Once the fan zone has been identified (in the Boundary Conditions panel), you will set all modeling inputs for the fan in the Fan panel (Figure 7.20.1), which is opened from the Boundary Conditions panel (as described in Section 7.1.4).
Inputs for a fan are as follows:
Identifying the Fan Zone
Since the fan is considered to be infinitely thin, it must be modeled as the interface between cells, rather than a cell zone. Thus the fan zone is a type of internal face zone (where the faces are line segments in 2D or triangles/quadrilaterals in 3D). If, when you read your grid into FLUENT, the fan zone is identified as an interior zone, use the Boundary Conditions panel (as described in Section 7.1.3) to change the appropriate interior zone to a fan zone.
Define Boundary Conditions...
Once the interior zone has been changed to a fan zone, you can open the Fan panel and specify the pressure jump and, optionally, the swirl velocity.
Defining the Pressure Jump
To define the pressure jump, you will specify a polynomial, piecewiselinear, or piecewisepolynomial function of velocity, a userdefined function, or a constant value. You should also check the Zone Average Direction vector to be sure that a pressure rise occurs for forward flow through the fan. The Zone Average Direction, calculated by the solver, is the faceaveraged direction vector for the fan zone. If this vector is pointing in the direction you want the fan to blow, do not select Reverse Fan Direction; if it is pointing in the opposite direction, select Reverse Fan Direction.
Polynomial, PiecewiseLinear, or PiecewisePolynomial Function
Follow these steps to set a polynomial, piecewiselinear, or piecewisepolynomial function for the pressure jump:
When you define the pressure jump using any of these types of functions, you can choose to limit the minimum and maximum velocity magnitudes used to calculate the pressure jump. Enabling the Limit Polynomial Velocity Range option limits the pressure jump when a Min Velocity Magnitude and a Max Velocity Magnitude are specified.

The values corresponding to the
Min Velocity Magnitude and the
Max Velocity Magnitude do not limit the flow field velocity to this range. However, this range does limit the value of the pressure jump, which is a polynomial and a function of velocity, as seen in Equation
7.201. If the calculated normal velocity magnitude exceeds the
Max Velocity Magnitude that has been specified, then the pressure jump at the
Max Velocity Magnitude value will be used. Similarly, if the calculated velocity is less than the specified
Min Velocity Magnitude, the pressure jump at the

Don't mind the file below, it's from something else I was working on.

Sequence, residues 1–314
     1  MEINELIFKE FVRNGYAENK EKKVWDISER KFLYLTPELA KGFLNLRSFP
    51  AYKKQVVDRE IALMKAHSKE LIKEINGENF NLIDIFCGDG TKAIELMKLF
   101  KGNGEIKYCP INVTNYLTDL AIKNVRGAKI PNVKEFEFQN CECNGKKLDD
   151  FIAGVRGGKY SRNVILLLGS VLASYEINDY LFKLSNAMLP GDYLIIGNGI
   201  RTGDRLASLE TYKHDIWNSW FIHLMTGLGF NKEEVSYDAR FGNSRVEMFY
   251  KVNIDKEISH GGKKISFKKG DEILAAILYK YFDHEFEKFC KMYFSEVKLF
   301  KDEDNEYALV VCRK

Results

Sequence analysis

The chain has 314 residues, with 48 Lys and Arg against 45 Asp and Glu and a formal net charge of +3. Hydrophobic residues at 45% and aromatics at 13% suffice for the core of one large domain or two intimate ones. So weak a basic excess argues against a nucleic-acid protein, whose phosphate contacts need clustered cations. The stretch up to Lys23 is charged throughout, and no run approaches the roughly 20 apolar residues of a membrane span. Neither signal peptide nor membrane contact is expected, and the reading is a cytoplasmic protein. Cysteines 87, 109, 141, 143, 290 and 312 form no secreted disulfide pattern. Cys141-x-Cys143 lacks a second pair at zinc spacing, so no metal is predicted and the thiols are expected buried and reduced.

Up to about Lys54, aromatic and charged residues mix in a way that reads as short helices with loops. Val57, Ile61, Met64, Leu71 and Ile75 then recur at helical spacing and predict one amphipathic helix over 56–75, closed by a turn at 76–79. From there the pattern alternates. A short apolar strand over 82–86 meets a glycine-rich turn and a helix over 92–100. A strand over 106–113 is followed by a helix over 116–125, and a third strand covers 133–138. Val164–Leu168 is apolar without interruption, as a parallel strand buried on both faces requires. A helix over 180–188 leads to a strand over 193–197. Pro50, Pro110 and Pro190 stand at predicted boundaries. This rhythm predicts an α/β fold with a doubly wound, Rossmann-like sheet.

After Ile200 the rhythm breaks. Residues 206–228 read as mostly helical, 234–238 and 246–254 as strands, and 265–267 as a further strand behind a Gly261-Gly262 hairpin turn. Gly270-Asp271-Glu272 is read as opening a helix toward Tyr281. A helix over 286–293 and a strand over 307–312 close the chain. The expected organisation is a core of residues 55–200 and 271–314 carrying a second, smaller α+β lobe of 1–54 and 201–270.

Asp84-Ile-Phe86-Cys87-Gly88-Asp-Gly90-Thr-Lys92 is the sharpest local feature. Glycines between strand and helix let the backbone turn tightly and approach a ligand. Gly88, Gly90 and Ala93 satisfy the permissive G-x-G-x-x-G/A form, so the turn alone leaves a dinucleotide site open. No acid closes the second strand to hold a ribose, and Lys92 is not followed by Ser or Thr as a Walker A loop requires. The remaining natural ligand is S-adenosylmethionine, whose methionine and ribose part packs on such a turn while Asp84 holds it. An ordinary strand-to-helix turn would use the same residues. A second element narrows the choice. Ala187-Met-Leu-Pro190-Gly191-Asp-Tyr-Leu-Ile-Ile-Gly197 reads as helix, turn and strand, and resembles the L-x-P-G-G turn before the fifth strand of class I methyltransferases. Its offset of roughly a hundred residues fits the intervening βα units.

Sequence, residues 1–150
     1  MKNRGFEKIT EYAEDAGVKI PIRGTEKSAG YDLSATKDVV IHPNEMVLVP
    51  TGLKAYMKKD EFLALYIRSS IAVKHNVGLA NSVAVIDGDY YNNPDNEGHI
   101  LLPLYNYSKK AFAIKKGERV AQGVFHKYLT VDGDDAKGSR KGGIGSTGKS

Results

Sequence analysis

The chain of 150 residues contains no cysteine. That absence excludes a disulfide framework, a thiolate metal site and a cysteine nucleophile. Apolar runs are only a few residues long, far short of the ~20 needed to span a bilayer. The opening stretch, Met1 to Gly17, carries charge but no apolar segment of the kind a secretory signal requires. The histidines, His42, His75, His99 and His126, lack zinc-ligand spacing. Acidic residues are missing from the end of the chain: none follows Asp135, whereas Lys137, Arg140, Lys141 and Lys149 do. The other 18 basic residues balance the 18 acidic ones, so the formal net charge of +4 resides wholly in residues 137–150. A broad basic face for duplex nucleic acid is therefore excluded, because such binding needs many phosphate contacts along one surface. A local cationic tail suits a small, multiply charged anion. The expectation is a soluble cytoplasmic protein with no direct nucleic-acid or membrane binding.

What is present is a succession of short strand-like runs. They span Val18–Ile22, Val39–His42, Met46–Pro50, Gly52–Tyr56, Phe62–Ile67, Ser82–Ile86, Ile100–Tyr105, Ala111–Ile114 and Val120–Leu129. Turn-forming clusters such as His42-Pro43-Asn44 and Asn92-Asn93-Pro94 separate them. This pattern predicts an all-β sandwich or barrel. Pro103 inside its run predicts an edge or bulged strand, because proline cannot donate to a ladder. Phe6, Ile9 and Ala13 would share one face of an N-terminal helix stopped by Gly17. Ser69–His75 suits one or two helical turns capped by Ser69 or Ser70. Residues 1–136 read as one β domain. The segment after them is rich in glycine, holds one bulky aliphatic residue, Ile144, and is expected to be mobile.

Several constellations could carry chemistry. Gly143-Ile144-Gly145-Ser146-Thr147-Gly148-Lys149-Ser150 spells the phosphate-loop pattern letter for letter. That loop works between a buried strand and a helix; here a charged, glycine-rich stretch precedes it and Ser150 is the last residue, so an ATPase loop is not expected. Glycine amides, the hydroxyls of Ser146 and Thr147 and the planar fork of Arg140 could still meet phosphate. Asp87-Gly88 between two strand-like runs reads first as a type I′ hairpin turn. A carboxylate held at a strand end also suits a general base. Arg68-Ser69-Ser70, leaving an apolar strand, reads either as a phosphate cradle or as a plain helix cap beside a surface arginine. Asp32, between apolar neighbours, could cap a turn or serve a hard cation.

Min Velocity Magnitude will be substituted for the pressure jump corresponding to the calculated velocity.

You also have the option to use the massaveraged velocity normal to the fan to determine a single pressurejump value for all faces in the fan zone. Turning on Calculate PressureJump from Average Conditions enables this option.
Constant Value
To define a constant pressure jump, follow these steps:
You can follow the procedure below, if it is more convenient:
UserDefined Function or Boundary Profile
For a userdefined pressurejump function or a function defined in a boundary profile file, you will follow these steps:
See the separate UDF Manual for information about userdefined functions, and Section 7.26 for details about boundary profile files.
Example: Determining the Pressure Jump Function
This example shows you how to determine the function for the pressure jump. Consider the simple twodimensional duct flow illustrated in Figure 7.20.3. Air at constant density enters the 2.0 m 0.4 m duct with a velocity of 15 m/s. Centered in the duct is a fan.
Assume that the fan characteristics are as follows when the fan is operating at 2000 rpm:
(m /s)  (Pa) 
25  0.0 
20  175 
15  350 
10  525 
5  700 
0  875 
where is the flow through the fan and is the pressure rise across the fan. The fan characteristics in this example follow a simple linear relationship between pressure rise and flow rate. To convert this into a relationship between pressure rise and velocity, the crosssectional area of the fan must be known. In this example, assuming that the duct is 1.0 m deep, this area is 0.4 m , so that the corresponding velocity values are as follows:
(m/s)  (Pa) 
62.5  0.0 
50.0  175 
37.5  350 
25.0  525 
12.5  700 
0  875 
The polynomial form of this relationship is the following equation for a line:
(7.204) 
Defining Discrete Phase Boundary Conditions for the Fan
If you are modeling a discrete phase of particles, you can set the fate of particle trajectories at the fan. See Section 22.13 for details.
Defining the Fan Swirl Velocity
If you want to set tangential and radial velocity fields on the fan surface to generate swirl in a 3D problem, follow these steps:

You must use SI units for all fan swirl velocity inputs.

Polynomial Function
To define a polynomial function for tangential or radial velocity, follow the steps below:
Constant Value
To define a constant tangential or radial velocity, the steps are as follows:
You can follow the procedure below, if it is more convenient:
UserDefined Function or Boundary Profile
For a userdefined tangential or radial velocity function or a function contained in a boundary profile file, follow the procedure below:
See the separate UDF Manual for information about userdefined functions, and Section 7.26 for details about boundary profile files.